Education journalists have the critically important task of informing the public about education at the local, state, and national levels. But little is known about this sector of the news media. What does this workforce look like? Do education journalists believe their work matters? Are they satisfied in their jobs? What challenges does the field face to better informing public dialogue on education?
You’re on deadline, and you want to know if the new report that plopped on your desk comes from an organization with an agenda. You have a simple question you want answered fast, or a complex project you want to talk through. You’re new to the beat and having trouble getting officials, or middle schoolers, to talk to you. Or you’ve been on the beat forever and are dying for a new take on the snow-day story, the budget-rollout story, or the perennial story about college-admissions angst.
Whatever your needs, the public editor will be there to help.
The Glossary of Education Reform (edglossary.org) is a public, online resource that defines and describes major terms, concepts, and strategies in public-education reform. The website was created by the Great Schools Partnership in collaboration with the Education Writers Association and the Nellie Mae Education Foundation.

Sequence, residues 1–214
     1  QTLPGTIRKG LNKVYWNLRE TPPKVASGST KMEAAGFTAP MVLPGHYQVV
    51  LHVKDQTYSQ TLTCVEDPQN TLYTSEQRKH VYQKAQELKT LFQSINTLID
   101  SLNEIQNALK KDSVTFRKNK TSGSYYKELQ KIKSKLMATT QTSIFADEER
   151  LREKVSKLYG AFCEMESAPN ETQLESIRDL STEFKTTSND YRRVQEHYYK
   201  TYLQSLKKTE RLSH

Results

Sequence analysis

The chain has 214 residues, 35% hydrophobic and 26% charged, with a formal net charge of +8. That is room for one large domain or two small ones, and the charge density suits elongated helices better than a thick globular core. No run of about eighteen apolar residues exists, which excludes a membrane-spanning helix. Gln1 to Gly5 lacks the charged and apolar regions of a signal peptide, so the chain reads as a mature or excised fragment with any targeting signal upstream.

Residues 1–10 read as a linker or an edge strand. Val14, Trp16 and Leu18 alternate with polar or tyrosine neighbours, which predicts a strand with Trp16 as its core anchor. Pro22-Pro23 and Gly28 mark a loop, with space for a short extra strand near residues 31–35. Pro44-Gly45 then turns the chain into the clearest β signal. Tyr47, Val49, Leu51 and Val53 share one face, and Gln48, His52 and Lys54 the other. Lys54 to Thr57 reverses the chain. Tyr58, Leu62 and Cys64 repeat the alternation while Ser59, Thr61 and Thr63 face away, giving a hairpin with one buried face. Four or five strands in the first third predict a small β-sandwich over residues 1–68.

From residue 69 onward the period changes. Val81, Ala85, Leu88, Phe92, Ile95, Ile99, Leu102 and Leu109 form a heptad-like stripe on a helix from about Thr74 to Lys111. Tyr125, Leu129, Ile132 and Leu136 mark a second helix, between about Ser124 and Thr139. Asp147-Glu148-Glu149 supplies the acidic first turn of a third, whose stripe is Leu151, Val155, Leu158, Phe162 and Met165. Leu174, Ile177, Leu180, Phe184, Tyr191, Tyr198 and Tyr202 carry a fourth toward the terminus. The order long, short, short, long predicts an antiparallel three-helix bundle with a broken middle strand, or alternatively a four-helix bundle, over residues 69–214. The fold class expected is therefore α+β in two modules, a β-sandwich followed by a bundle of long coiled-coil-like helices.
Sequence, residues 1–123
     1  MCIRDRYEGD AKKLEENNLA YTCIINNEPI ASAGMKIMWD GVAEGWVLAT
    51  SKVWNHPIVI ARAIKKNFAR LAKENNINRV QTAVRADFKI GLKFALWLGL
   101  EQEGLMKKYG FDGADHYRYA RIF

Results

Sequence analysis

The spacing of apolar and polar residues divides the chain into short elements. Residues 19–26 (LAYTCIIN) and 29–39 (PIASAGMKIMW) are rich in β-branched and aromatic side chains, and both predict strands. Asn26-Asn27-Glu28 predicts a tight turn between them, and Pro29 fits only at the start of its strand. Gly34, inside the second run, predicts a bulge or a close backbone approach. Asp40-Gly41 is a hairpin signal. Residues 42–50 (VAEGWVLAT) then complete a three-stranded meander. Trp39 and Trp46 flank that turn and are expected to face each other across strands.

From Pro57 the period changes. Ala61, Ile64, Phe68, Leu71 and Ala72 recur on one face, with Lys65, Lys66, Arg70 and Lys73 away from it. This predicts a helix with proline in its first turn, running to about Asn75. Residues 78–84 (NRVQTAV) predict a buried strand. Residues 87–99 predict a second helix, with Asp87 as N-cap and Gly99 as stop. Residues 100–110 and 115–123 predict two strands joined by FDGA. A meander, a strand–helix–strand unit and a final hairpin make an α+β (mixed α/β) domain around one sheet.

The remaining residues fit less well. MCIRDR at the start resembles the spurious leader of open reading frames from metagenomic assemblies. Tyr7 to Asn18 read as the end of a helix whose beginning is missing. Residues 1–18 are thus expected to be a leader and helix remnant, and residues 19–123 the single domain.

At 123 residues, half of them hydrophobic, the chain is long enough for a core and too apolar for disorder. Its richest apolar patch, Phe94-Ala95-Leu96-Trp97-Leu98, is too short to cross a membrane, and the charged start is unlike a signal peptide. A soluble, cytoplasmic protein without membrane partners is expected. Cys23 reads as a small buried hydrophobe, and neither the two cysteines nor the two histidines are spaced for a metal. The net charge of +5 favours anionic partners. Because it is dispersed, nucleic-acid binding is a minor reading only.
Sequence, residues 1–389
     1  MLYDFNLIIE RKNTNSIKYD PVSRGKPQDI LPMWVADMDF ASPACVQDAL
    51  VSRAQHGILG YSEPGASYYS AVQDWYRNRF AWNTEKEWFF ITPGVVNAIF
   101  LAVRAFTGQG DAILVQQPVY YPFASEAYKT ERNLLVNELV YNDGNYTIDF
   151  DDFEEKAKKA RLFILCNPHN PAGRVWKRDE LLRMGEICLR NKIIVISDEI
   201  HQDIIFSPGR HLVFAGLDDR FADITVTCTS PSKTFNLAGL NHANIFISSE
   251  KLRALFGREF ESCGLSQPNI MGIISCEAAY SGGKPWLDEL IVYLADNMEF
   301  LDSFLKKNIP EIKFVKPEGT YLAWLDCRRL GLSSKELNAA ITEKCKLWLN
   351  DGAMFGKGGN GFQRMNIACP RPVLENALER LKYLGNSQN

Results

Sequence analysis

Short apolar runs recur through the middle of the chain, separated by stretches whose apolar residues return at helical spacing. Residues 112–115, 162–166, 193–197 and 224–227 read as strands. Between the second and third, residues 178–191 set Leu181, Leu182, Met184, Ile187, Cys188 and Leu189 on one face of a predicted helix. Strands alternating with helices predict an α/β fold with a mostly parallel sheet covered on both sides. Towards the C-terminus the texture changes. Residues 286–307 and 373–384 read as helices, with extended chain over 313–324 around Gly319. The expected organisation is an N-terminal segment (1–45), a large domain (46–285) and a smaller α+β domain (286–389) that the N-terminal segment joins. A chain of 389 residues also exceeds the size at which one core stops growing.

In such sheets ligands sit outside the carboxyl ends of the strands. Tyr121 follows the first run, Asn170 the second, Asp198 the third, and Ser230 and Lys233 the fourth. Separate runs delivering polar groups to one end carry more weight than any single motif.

EWA has a listserv focused on P-12 education and another focused on postsecondary.
Topics on both lists are wide-ranging. The listservs are great places to find sources in a hurry, or to pick your colleagues’ brains about reporting strategy.
To Be Removed or Change Your Listserv Settings
If you’re already on a listserv and you’d like to be removed or change your settings, follow these listserv instructions.
As a listserv member, there are a few items of agreed-upon etiquette. Please review the listserv guidelines.
The EWA Reporting Fellowship provides financial awards to education journalists to undertake ambitious reporting and writing projects. The EWA Reporting Fellows are selected by EWA through a competitive application process. Each fellow receives a financial award to support an education reporting project, as well as other assistance.
The Education Writers Association is offering — for the third year in a row — a unique opportunity to support reporters who are new to the education beat.
The New to the Beat program blends specialized programming at EWA’s National Seminar (in Washington, D.C. this year) with ongoing, customized assistance. Each participant will be paired with a veteran journalist who will serve as a mentor for six months.